10. Defined Benefit Plan Earnings Definition • Career-average pay: average earnings over plan participation period. • Final-average pay: average earnings over final 3 or 5 years, or average highest 3 or 5 of last 10 years.

  11. Survivor Annuities • Required of all pension plans • QJSA 50% then a 75% QOSA (qualified optional survivor annuity) must be offered or • QJSA 75% then a 50% QOSA must be offered • QPSA must also be offered

  12. Factors Affecting Annual Retirement Benefits in a Defined Benefit Plan Retirement Age • Normal retirement: Stated by plan document, typically age 65. • Retirement after normal retirement is adjusted upward, and before normal retirement the benefit is adjusted downward Years of Plan Participation • (if maximum benefit formula of $205,000 is used) • 10% reduction in maximum dollar limitation on normal retirement benefit for each year of plan participation (or year of service) less than 10

  13. Defined Benefit Plan Employer Participant

  14. Cash Balance Pension Plans (1) • A defined benefit plan with specific annual employer contributions that accumulate at a guaranteed investment return. • Plan assets are pooled, but participants have simulated investment accounts that are treated very much like accounts in a defined contribution plan. • Like the traditional defined benefit pension plan, the cash balance plan provides security for employees through its guarantees, and through PBGC insurance.

  15. Cash Balance Pension Plans (2) • Cash balance plans may be used to simplify and reduce the high cost of a traditional defined benefit pension plan without actual termination. • A defined benefit plan can be amended into a cash balance plan that looks and feels to the employees just like a money purchase plan. • Cash balance plans are more beneficial for younger employees, but not favorable for older employees.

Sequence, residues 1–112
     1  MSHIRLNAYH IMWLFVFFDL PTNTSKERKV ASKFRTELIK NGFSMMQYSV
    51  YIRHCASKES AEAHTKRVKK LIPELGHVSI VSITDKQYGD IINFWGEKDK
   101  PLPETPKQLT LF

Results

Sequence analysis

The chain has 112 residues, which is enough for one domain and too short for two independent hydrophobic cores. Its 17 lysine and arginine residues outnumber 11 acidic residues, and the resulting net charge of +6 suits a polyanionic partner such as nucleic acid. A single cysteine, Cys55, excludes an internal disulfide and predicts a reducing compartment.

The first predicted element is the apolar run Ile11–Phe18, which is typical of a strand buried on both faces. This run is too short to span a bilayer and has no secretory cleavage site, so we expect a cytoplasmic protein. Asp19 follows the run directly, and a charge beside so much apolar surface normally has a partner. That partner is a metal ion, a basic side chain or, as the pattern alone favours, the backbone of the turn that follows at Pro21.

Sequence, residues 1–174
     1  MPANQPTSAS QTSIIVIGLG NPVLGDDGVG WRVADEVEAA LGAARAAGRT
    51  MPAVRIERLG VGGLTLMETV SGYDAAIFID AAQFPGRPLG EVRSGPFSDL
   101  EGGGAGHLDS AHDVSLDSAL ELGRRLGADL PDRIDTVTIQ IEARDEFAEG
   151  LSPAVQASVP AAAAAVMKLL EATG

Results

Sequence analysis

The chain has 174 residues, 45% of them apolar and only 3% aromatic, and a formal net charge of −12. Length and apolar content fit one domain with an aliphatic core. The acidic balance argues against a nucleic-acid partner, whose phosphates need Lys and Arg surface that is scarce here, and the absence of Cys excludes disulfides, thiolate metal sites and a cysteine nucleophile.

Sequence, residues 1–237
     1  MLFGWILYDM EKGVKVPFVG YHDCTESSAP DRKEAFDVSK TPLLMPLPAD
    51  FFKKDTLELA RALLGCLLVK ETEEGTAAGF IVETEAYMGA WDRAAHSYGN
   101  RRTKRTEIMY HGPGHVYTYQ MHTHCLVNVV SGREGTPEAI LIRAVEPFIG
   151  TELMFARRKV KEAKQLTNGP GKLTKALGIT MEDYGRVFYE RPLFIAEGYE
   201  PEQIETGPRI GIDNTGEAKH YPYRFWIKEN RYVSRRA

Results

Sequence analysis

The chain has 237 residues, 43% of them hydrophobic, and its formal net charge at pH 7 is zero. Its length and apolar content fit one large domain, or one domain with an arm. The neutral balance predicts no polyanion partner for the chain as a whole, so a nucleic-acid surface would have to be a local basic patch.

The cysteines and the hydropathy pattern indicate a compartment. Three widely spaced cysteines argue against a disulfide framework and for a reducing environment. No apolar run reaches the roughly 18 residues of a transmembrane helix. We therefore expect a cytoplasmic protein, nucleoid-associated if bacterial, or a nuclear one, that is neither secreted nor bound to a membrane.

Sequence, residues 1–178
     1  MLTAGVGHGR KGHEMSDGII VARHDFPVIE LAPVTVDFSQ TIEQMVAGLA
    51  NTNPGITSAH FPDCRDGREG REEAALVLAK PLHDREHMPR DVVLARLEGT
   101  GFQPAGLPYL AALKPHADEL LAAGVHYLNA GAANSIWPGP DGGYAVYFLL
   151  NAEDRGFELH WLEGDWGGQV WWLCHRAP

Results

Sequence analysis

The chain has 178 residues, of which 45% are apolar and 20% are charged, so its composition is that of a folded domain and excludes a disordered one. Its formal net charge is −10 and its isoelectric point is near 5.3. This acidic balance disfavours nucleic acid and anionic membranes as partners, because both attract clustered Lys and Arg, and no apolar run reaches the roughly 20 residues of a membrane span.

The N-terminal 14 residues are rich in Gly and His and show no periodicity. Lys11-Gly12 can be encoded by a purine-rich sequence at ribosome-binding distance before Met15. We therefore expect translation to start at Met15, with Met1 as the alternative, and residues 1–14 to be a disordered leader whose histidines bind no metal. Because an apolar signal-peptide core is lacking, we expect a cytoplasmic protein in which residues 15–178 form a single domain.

16. Learning Objectives LO 2–1 introduces you to traditional defined benefit plans and how the retirement plan benefit is determined. LO 2–2 introduces you to cash balance plans, and how they differ from defined benefit pension plans by guaranteeing a return rather than a retirement benefit. LO 2–3 introduces you to plan participation and eligibility rules. LO 2–4 introduces you to the concept of Social Security integration and the two methods available for defined benefit plans. LO 2–5 requires you to understand the basic funding methods for defined benefit plans and the impact of various actuarial assumptions on plan funding. LO 2–6 deals with plan termination. LO 2–7 introduces you to the far-reaching impact that the Pension Protection Act (PPA) has had on defined benefit plans. LO 2–8 walks you through a case analysis example of a company considering the installation of a defined benefit plan.

  17. Defined Benefit Plan Minimum Participation Test Defined benefit plans also must satisfy the minimum participation (50/40) test. The plan must benefit at least the lesser of • 50 employees, or • The greater of: • 40% of all the company’s ERISA eligible employees, or • Two employees (one employee if there is only one employee)